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Just the beginning

I completely agree with Luis Echeverria's Back to Basics article, "Use Your Head," (October 2014, p. 80). I can’t count the number of certified quality engineers who don’t understand and correctly apply statistical sampling plans, such as ASQ/ANSI Z1.4. And forget about them knowing what an operating characteristics curve is.

Too many certified quality auditors don’t know how to clearly write an audit observation so that an outsider would know what the discrepancy was that needed corrective action. As Echeverria wrote, the ASQ certification should just be the beginning of the learning and application process.

James D. Werner
Raritan, NJ

Exam struggle

In response to Peter Clark’s article, "Strength in Numbers," (October 2014, pp. 24-28): Thank you for writing this article. I am getting ready to take my quality engineer certification exam for the second time, and the part I struggled with the most on the first one was the statistics. We have terrific tools that take the calculation out of our hands, and like you, I have been out of the school scenario (other than internal training) for many years.

Math was never my forte—especially not statistics. I nervously went into the first exam thinking the material was fresh enough in my mind after taking a prep class that didn’t involve much student interaction several weeks prior to the test. Three of the seven people from our prep class who took the test that day passed—I did not. I thought, "There’s got to be another way." I decided to sign right back up for the next test date to ensure I wouldn't let the opportunity slip by.

Well, here we are, coming upon the December 2014 test date, and I have to wonder if I am any better off now than I was then. No prep class this time. It’s just me studying by myself. I hope that the second time is the charm.

Thank you for your insight and for letting us know you struggled, too.

Judy Martinez
Erie, PA

Another FMEA mistake

In response to "Which FMEA Mistakes Are You Making?" (September 2014, pp. 36-41): This is a great article and I totally agree with the mistakes listed. I have been a team leader and also an auditor of failure mode and effects analysis (FMEA) for nearly 10 years.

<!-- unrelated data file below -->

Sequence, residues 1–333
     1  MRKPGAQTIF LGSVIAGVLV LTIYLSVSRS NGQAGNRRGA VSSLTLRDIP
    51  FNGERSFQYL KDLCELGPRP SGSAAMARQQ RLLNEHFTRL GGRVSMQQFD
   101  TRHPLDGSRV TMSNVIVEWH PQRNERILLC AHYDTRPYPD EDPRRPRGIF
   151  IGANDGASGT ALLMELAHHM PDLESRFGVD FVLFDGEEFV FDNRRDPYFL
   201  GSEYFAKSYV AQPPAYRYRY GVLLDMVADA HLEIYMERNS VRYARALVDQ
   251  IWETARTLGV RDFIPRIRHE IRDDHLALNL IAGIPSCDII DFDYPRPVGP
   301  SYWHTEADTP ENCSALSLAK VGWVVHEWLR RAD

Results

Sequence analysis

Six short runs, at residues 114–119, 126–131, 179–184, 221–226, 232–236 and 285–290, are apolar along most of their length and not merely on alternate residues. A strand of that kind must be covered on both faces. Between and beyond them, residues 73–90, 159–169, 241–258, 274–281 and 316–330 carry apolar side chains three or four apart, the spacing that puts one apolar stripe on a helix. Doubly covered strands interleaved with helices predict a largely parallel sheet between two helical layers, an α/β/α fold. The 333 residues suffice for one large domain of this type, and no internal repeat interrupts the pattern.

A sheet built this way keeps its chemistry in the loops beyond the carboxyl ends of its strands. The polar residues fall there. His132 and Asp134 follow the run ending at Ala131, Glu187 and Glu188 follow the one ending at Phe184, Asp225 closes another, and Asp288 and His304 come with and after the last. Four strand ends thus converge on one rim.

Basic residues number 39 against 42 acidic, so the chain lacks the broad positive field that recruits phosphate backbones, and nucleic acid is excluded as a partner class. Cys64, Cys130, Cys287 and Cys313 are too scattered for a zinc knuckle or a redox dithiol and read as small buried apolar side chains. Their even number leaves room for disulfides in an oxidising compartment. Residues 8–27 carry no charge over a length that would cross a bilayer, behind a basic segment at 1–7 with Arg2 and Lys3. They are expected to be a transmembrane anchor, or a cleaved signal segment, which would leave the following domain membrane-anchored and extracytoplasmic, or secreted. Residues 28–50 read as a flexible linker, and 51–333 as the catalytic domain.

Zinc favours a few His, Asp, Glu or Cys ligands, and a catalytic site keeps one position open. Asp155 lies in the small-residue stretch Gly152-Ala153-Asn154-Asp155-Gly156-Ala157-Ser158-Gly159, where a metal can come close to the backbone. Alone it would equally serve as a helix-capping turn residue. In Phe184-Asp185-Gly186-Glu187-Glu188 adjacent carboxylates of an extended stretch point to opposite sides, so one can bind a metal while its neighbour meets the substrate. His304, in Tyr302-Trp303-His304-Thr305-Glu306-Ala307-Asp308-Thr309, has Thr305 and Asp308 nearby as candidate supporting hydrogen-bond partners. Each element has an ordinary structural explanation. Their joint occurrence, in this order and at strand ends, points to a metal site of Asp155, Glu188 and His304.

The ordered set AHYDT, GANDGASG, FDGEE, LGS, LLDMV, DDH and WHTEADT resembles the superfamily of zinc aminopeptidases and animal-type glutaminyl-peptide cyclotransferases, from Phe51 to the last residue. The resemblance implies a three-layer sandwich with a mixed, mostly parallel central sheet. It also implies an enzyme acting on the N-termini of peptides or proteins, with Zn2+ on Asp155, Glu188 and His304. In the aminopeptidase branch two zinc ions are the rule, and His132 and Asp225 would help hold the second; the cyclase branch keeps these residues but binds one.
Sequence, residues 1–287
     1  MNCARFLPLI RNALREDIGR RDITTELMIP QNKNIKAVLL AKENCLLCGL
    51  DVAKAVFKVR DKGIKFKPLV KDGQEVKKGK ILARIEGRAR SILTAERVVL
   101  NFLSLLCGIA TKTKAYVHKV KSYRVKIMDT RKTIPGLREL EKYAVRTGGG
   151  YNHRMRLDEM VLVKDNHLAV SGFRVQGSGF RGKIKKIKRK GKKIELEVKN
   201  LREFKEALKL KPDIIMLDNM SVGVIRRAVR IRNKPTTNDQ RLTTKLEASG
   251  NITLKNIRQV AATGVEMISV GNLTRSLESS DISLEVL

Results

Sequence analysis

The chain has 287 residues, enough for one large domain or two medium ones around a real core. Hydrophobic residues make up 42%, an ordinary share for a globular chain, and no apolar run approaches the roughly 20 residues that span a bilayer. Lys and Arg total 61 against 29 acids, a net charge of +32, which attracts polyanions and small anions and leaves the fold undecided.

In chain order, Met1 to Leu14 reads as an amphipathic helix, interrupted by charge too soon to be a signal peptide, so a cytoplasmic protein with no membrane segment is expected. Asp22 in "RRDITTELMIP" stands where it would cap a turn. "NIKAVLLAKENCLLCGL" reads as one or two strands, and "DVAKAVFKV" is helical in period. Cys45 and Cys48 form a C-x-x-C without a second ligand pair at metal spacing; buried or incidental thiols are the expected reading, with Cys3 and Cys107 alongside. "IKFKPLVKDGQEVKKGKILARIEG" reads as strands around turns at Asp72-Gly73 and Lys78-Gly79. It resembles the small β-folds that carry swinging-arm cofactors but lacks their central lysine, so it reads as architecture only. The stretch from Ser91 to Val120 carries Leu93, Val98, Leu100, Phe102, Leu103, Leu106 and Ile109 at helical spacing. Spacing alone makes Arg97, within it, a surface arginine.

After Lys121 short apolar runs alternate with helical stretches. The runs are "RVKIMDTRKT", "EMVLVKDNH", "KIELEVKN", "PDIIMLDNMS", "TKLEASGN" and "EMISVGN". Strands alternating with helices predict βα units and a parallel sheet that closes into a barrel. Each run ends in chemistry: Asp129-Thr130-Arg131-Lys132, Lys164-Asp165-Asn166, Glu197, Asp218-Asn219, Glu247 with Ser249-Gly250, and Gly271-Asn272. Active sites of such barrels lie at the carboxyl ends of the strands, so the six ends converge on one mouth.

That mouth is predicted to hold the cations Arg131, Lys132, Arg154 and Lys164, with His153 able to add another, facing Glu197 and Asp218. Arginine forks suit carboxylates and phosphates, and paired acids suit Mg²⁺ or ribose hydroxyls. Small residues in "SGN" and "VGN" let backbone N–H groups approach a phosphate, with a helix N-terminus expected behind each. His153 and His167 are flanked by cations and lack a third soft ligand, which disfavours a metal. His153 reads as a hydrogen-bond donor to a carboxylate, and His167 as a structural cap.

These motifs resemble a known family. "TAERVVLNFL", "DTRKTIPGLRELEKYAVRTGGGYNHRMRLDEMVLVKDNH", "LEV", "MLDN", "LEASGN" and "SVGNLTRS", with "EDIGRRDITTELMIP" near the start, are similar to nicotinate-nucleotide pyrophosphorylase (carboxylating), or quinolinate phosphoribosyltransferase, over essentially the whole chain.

Another mistake that I see when auditing FMEAs is that they are not updated. Many FMEAs are performed by suppliers when submitting the production part approval process documentation to customers. But they are never updated, for instance, if there is a corrective action implemented in the process due to a customer complaint or an internal audit finding.

We must reinforce to our suppliers and to the team of engineers within the organizations that FMEA is a living document that must be updated if there is a change implemented either in the process or to the design of the product.

Carlos Martinez
San Diego


Online Extras

  • Celebrate and vote
    November is World Quality Month. How will your organization recognize the occasion? Visit www.worldqualitymonth.org to find a step-by-step guide to celebrating the month, along with a tool kit with resources for downloading and sharing. You can also vote for the top 10 submissions to ASQ’s #QualityIs Twitter and Facebook contest from Nov. 5-19. The three winners will receive a basket of World Quality Month souvenirs, such as T-shirts, tote bags and mugs. See contest details at http://asq.org/world-quality-month/#qualityis.
  • What tool are you?
    Visit www.qualitytoolquiz.com to learn what your favorite quality tool says about you. You can share your results on ASQ social media or print it to display.
  • Revision resources
    Stay informed about the ISO 9001 revision by visiting http://asq.org/standards-iso-9001-2015.html. The page offers resources to help you prepare for transitioning to ISO 9001:2015, along with a revision timeline so you’re aware of key dates.

Quick Poll Results

Each month at www.qualityprogress.com, visitors can take an informal survey. Here are the numbers from last month’s Quick Poll:

What has been the biggest benefit of your ASQ certification?

  • I gained more clout with peers and supervisors. 61.7%
  • It helped me get a new job. 26.4%
  • I got a pay raise. 8.8%
  • It helped me earn a promotion. 2.9%

Visit www.qualityprogress.com for the latest question:

Which of these definitions of quality do you most agree with?

  • Efficiently providing products and services that meet or exceed customer expectations.
  • Continuously measuring the improvement of processes and services for customers.
  • Acting as promised and reporting failures.
  • Doing the right thing at the right time in the right way with the right people.
  • I don’t agree with any of these definitions.

Quality News Today

Recent headlines from ASQ’s global news service

The Breaking Point
It’s no longer enough to cram the brains of a desktop computer into a phone. To make sure its smartphones don’t disappoint, a crew at Motorola Mobility LLC is paid to break them. (http://bit.ly/phonebreak)

Glitches All Too Common in Hospitals
No one outside the Dallas hospital that treated the first U.S. case of Ebola knows why the staff decided initially to send the man home. It was a communication snafu. But thousands of less-visible communication errors happen in healthcare every day. (http://bit.ly/healthglitches)

Want the latest quality-related news and analysis? The QNT Weekly enewsletter, available exclusively to ASQ members, delivers it every Friday. Subscribe now at http://email.asq.org/subscribe/qntwk.


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